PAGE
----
Let me share a bit of background concerning the marriage issue. When it comes to marriage we need to understand that we are struggling with two separate issues. There is the legal side and the religious side of marriage. There has been a blending of the two for generations. First the legal. When you get married a whole host of other things are granted to the two being married through government statues. These are as far reaching as who is the beneficiary to your estate, who can be on your insurance policy, to who can visit you in the hospital and can speak for you in a medical crisis if you cannot speak for yourself, to who gets to decide your funeral arrangements after you die. Since, until recently, almost all weddings were done in churches with pastors signing the state’s forms making the marriage legal, we also had all the theological meaning of marriage woven into the legal statues of marriage. The courts are now untangling these two interwoven stands and saying the legal side no longer will permit discrimination. They are saying you cannot use theological doctrine to support discriminatory kinds of actions and so are striking down again and again laws stating that a marriage is only between a man and a woman, a doctrine which is based on theology. Many justices are going back to the founding document of our nation, the Declaration of Independence: “We hold these truths to be self-evident, that all men and we would add women, are created equal, that they are endowed by their Creator with certain unalienable rights, that among these are Life, Liberty and the pursuit of Happiness.” In trying to see all are equally treated they have in the issue of marriage, as they have many times before in other situations, struck down discriminatory laws.

We also need to hear that the courts are not telling churches or its members what to believe. They are leaving the theological stuff for us to figure out. No federal judge has ordered a pastor against his or her will to conduct a same sex marriage ceremony. But many are doing so. It is this very question we are struggling with as a denomination. It is a topic that might dominate our annual meeting and hence the reason we might be in the news.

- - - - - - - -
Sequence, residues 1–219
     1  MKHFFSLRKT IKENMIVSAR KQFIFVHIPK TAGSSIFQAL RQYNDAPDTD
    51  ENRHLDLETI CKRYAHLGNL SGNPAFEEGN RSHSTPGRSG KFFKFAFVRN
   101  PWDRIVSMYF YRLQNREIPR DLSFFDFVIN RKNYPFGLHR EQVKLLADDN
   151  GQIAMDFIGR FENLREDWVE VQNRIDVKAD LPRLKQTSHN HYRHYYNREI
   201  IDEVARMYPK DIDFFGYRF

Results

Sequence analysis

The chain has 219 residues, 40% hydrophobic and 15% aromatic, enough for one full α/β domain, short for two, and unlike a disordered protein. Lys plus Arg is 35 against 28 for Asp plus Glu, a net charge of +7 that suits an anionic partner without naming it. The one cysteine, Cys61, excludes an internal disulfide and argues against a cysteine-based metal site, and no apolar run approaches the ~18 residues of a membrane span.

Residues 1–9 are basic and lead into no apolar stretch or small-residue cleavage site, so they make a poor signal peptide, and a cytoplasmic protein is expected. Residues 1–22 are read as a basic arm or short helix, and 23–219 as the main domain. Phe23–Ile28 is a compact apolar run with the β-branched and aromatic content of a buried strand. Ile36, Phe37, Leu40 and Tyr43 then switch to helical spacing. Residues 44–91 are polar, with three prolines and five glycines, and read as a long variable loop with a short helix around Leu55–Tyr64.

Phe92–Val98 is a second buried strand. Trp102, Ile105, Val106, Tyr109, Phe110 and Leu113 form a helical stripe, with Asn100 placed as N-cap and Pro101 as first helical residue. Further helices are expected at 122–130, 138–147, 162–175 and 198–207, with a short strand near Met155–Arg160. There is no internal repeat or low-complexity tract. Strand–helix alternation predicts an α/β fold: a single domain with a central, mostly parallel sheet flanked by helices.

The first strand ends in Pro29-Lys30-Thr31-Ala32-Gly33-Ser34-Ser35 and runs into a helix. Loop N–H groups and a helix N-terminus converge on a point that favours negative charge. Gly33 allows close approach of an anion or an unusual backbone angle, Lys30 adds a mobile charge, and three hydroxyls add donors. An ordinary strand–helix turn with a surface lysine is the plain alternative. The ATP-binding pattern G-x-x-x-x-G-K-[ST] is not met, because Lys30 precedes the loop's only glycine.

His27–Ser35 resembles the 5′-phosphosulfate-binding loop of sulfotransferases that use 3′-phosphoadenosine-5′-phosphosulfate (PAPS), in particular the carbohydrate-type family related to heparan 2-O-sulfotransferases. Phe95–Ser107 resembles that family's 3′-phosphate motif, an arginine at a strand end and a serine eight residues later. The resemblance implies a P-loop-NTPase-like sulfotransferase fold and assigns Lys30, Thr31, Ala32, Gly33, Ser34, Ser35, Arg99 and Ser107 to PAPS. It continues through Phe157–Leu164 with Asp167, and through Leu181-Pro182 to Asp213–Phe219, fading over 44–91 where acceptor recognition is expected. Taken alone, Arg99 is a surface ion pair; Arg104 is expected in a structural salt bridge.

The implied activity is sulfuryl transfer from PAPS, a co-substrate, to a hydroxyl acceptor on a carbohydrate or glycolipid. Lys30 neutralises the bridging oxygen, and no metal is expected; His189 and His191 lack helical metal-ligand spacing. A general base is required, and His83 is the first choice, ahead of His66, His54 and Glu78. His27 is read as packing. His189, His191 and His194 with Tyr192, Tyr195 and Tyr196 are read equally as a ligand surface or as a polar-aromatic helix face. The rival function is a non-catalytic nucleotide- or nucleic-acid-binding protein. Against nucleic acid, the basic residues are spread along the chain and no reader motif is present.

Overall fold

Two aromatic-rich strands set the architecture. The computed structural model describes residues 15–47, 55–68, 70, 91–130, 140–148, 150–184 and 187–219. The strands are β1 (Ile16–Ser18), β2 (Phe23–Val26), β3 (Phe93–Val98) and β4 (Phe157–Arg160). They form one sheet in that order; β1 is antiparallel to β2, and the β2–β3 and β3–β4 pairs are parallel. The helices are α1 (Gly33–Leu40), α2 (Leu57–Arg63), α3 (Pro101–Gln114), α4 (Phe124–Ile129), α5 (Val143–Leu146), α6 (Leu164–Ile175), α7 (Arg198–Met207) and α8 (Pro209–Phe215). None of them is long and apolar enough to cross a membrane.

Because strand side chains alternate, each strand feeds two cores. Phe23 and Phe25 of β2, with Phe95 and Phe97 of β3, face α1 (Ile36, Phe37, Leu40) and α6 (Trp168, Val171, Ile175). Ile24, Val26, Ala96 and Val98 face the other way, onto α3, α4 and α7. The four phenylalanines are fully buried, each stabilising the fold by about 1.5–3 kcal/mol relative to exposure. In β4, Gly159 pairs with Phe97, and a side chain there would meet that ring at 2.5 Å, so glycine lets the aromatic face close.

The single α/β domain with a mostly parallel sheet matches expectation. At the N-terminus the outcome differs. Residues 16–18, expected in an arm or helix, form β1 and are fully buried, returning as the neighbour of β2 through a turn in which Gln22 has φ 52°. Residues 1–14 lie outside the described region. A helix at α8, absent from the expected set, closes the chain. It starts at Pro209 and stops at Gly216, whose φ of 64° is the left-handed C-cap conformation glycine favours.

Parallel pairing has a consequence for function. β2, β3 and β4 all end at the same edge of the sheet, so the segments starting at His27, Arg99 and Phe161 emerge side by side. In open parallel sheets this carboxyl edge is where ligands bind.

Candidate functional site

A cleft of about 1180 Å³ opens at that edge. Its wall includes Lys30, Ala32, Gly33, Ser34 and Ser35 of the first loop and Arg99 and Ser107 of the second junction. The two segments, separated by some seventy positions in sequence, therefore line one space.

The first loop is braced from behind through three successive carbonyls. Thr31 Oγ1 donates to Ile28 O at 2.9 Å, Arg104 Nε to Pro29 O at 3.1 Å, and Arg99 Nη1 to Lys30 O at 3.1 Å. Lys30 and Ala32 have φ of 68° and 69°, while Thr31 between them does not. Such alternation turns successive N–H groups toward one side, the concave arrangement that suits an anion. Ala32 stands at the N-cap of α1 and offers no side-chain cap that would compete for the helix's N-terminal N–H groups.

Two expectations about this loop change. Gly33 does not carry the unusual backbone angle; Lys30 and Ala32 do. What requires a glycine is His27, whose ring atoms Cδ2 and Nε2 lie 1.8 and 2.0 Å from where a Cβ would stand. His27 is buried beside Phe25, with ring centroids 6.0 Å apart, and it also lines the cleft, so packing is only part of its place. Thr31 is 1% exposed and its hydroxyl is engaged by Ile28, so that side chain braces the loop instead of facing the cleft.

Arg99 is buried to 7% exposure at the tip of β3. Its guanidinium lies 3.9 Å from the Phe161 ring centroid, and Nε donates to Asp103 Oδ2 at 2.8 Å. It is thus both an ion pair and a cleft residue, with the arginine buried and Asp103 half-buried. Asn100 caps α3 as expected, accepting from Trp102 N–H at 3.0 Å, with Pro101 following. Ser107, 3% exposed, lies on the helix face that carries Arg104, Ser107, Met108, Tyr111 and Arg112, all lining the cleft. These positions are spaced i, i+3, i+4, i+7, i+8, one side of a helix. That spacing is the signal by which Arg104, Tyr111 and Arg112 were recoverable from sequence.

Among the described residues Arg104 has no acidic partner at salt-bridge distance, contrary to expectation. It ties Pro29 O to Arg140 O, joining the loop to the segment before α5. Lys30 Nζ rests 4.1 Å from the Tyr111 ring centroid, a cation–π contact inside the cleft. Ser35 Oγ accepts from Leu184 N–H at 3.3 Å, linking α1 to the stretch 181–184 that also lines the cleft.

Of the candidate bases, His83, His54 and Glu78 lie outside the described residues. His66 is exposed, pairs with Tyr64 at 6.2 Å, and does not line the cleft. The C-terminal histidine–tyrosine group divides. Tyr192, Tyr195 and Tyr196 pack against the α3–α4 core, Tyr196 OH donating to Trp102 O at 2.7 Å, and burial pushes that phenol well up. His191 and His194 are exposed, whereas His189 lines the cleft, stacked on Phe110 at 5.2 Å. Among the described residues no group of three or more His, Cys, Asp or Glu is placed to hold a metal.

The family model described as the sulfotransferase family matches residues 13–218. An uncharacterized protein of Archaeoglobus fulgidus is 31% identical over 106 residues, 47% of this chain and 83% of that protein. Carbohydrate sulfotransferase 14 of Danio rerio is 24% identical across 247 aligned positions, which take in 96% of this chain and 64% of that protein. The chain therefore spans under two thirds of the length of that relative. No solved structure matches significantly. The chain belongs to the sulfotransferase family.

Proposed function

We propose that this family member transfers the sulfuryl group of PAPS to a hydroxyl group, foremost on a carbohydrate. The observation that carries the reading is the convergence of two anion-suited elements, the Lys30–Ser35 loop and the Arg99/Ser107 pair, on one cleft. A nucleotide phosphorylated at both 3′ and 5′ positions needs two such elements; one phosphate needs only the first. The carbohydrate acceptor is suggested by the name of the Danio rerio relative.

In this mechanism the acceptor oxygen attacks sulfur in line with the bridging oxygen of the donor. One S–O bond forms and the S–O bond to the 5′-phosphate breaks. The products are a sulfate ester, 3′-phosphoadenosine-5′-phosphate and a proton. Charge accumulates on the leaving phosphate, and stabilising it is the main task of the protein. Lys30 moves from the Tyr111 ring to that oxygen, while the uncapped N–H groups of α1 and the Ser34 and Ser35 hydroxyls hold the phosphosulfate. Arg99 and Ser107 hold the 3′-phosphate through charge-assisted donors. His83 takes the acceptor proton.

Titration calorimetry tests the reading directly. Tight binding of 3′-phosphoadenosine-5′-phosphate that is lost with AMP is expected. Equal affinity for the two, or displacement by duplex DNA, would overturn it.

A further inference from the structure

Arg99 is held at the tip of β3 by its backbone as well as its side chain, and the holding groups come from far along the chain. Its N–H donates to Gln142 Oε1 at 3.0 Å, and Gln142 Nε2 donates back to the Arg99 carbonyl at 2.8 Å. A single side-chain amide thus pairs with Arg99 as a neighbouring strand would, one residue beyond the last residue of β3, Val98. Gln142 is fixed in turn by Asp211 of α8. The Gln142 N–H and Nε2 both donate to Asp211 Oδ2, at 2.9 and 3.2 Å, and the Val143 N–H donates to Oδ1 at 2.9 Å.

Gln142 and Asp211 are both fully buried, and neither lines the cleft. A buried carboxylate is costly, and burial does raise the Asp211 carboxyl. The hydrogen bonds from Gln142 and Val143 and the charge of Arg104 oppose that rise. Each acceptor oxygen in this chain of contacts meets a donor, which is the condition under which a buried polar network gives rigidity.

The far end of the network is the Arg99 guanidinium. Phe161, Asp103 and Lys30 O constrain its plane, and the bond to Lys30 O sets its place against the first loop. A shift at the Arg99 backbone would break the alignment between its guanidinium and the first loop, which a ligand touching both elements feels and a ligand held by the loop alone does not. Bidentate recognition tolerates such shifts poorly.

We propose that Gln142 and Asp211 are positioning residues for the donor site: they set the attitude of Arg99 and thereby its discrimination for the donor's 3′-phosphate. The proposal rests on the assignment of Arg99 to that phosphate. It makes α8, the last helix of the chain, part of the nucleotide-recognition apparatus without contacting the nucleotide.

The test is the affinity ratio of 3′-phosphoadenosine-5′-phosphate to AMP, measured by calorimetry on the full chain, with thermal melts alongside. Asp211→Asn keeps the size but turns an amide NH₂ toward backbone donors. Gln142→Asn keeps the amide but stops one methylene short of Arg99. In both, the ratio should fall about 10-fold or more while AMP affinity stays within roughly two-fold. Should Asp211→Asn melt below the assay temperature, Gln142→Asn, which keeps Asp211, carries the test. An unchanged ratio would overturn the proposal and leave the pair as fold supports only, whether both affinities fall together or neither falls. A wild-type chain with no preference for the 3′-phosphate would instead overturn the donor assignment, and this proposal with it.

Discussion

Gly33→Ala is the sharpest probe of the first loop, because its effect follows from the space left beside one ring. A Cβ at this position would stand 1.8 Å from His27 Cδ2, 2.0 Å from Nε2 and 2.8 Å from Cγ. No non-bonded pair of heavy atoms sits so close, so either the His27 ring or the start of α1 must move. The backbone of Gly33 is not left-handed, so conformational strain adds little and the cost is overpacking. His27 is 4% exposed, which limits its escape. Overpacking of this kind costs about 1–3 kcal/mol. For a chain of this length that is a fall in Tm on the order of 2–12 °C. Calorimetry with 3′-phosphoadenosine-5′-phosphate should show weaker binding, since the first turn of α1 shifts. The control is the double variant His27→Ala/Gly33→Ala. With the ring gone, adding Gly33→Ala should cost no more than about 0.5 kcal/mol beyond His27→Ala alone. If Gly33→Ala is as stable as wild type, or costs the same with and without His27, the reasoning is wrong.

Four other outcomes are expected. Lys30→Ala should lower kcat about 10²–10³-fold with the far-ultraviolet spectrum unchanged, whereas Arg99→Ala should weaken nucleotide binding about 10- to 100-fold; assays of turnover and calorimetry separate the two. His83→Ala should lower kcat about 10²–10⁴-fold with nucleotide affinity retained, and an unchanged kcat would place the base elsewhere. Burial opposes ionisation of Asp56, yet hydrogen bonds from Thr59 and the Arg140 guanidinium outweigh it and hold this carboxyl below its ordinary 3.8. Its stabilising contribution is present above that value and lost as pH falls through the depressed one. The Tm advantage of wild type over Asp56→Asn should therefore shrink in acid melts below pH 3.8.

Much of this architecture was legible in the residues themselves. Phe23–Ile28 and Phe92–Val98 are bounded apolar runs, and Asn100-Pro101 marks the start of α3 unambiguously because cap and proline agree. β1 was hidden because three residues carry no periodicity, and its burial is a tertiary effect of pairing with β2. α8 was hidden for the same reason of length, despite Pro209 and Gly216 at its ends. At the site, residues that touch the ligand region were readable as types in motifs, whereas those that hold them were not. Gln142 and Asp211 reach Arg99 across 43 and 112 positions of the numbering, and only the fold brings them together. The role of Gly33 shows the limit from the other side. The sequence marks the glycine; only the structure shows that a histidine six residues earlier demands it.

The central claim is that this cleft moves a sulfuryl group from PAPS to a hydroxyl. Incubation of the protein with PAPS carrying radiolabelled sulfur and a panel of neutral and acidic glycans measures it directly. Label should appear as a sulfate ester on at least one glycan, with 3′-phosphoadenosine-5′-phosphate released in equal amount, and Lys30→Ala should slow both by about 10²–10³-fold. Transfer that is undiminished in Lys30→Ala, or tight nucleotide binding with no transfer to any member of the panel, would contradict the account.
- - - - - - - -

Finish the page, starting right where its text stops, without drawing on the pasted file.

Since you might be asked to be a “theologian in residence,” hear what some are saying is the basis for their Holy Disobedience. There are nine verses against homosexuality in the Bible. Some of them are from Leviticus and are found in the same passage as other prohibitions such as not wearing a garment with two different kinds of yarn or eating shellfish. Others are from the writings of the Apostle Paul who also gave us such sound social advice as a woman should keep silent in the church and be subject to her husband. Jesus said nothing about homosexuality. He did talk about how divorce is wrong and yet we have come to terms with that and now welcome divorced people into our congregations. The Bible lists gluttony as a sin and we know this is a choice, and yet we don’t have scales inside the door making you weigh in before worship, to see if you are acceptable to God. The Bible never condemns slavery and accepts as normative that women are second class citizens and yet we have rejected those ideas. So those supporting the full inclusion of GBLTQ population with all of the same rights say that we should be careful that we do not apply the Bible in a selective way on the issue of homosexuality as we have done it in the past regarding women’s rights and slavery. You might agree or disagree with their point. But, no matter where you are in your thoughts about the Biblical response to the GLBTQ community I think we can agree that nowhere does the Bible ever say we have the right to hate and reject them. Jesus always reached out to those on the margin with love.

This gets us back to Sequim. When we say we love all we mean all when it comes to being a welcoming church. When we think of people as individuals, our path is clear. We want to be a place of worship where every one of God’s children, no matter where they are in life’s journey finds a smile, a handshake and love. We want everyone to know they are accepted and loved and cared about. We reject the hate that some spew in the name of religion on this issue.

I believe the major struggle we have is when we, in dealing with our GBLTQ brothers and sisters, lump them into a category. Whenever you believe you have to come up with rules and procedures as to how to relate to a group, any group, things get messy. When we focus on the individual the issues go away. We want all to be treated with respect.

We will continue to live out “Beloved, let us love one another because love is from God; everyone who loves is born of God and knows God.” You need to ignore the language some will share in the weeks to come. Yes, there are storm clouds gathering but we in Sequim are used to living in a blue hole. We will let God’s love shine down on all and work at always making sure all means all when it comes to our response to each and every person who enters our doors.